Christian Book Review: What Your Husband Isn’t Telling You

TitleWhat Your Husband Isn’t Telling You – A Guided Tour of a Man’s Body, Soul, and Spirit

Author:  David Murrow

Published: 2012

My Review:  3 out of 5 stars


This book begs the question, “Do you really know your husband?”  The author of Why Men Hate Going to Church “breaks the silence” about men and the inner workings of their body, soul, and spirit in an attempt to inform wives about husbands.  This book does not promise to fix any problems, rather, it intends to explain some of the ways a man’s mind, body, and spirit may work.

It shares the experience of the author, and other husbands, who wants to “understand the powerful forces that shaped your man, and the currents that roil him every day.”  Opening up into the processes behind the thoughts and behaviors of men in general, it takes an honest look that might be more than some women are willing to accept.

My Review:

I have two primary thoughts after reading this particular book.  I read it from cover to cover in about a 24 hour period.  My first thought was “Really?  Is that REALLY how my husband thinks?” and prompted me to ask my husband some questions to find out.  While my husband did not admit to everything, what he did admit to surprised me and I appreciated having the opportunity to learn more about my husband and better understand him.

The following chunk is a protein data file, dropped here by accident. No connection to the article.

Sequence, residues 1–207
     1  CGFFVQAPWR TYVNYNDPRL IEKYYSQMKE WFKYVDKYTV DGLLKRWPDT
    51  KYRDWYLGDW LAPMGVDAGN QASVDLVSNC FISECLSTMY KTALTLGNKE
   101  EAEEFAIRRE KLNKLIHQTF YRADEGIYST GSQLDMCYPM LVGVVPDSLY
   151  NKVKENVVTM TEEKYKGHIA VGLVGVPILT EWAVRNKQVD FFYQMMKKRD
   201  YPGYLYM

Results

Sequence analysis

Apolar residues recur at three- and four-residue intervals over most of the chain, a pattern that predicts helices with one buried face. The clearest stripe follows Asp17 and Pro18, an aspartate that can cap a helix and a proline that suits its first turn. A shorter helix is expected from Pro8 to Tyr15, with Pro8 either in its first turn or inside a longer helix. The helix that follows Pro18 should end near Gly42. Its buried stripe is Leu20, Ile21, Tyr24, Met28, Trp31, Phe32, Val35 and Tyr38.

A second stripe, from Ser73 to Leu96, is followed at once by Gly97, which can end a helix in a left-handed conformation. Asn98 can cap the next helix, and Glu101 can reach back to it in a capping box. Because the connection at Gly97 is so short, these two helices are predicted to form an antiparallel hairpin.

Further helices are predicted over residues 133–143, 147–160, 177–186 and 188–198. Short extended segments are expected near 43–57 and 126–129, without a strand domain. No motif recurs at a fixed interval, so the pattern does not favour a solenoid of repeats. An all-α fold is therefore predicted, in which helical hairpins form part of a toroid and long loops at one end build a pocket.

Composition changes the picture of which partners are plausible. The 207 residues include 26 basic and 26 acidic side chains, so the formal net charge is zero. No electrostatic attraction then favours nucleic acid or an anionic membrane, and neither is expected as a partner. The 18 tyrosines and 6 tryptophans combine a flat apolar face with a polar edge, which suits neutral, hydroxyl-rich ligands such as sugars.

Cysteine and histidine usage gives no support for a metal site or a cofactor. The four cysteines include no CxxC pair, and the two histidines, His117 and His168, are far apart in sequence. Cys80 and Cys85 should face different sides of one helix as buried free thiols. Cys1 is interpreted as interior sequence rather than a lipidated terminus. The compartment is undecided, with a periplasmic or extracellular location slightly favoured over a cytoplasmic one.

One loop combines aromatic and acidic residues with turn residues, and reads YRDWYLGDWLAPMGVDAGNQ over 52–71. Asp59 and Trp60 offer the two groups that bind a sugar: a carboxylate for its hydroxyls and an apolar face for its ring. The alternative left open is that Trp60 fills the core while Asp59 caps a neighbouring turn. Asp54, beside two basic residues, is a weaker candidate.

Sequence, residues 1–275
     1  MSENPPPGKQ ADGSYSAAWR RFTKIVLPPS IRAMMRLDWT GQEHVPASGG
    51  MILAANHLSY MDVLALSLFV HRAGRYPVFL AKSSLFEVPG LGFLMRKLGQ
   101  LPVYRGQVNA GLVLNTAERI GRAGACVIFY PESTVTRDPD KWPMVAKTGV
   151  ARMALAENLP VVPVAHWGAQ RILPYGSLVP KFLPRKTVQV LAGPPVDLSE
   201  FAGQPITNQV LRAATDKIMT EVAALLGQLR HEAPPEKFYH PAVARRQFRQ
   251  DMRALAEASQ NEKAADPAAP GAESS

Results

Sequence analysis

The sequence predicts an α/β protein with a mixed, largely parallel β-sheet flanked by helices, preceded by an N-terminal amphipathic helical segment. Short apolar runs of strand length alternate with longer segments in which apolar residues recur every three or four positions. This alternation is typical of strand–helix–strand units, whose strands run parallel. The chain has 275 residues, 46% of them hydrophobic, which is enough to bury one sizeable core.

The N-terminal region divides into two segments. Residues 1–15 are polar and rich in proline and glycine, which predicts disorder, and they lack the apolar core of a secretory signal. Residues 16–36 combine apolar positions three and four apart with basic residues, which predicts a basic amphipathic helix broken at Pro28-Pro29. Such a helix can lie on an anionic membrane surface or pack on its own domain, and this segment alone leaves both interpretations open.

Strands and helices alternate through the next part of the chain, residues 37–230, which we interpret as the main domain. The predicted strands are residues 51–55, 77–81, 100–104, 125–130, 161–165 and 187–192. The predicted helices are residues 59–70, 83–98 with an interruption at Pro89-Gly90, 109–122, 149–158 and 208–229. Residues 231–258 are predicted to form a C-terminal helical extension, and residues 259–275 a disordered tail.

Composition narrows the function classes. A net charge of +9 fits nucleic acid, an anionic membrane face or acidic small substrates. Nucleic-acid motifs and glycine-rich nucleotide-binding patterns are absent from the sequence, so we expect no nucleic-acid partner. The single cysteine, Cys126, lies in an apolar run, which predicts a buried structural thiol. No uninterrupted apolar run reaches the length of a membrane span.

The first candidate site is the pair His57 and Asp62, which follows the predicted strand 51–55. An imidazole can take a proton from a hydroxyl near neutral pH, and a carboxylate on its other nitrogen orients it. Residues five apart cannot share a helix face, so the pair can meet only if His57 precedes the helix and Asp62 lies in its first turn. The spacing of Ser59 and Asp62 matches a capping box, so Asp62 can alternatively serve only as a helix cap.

My second thought was that this was just another book trying to use testosterone as an “excuse” for much of men’s misunderstood behavior.  But that thought did not last long because the truth is, I cannot claim my rights to “PMS” without extending some allowance for my husband to be subject to his own physiological and hormonal makeup.  The more I read, the more I got a handle on the physiological substance that makes up my husband.

The truth is – men are not that complicated.  This does not mean they are stupid or less worthwhile than women.  It just makes them – DIFFERENT.  I think that it is the effort of the author to illustrate the differences between husbands and wives, and to help women understand how the differences can be so complementary within relationships, rather than becoming the battle-ground states that tear a marriage apart.

There were some statements that I just could not simply swallow.  While there were a few things I learned about men in general, I think I did get a better understanding of some of the struggles my husband deals with that I never think twice about.  And that makes this book something I need to read again and discuss with my husband in the future.

I gave the book 3 stars because while I felt it bears something of a “good ol’ boy” attitude, I’m not completely sure that it is what the author intended.  I plan to read it again to see if I need to weed out my own personal issues with men or if some of these points actually apply to my own husband in a real way.  It provoked some interesting conversation with my husband, so I am glad I read it.

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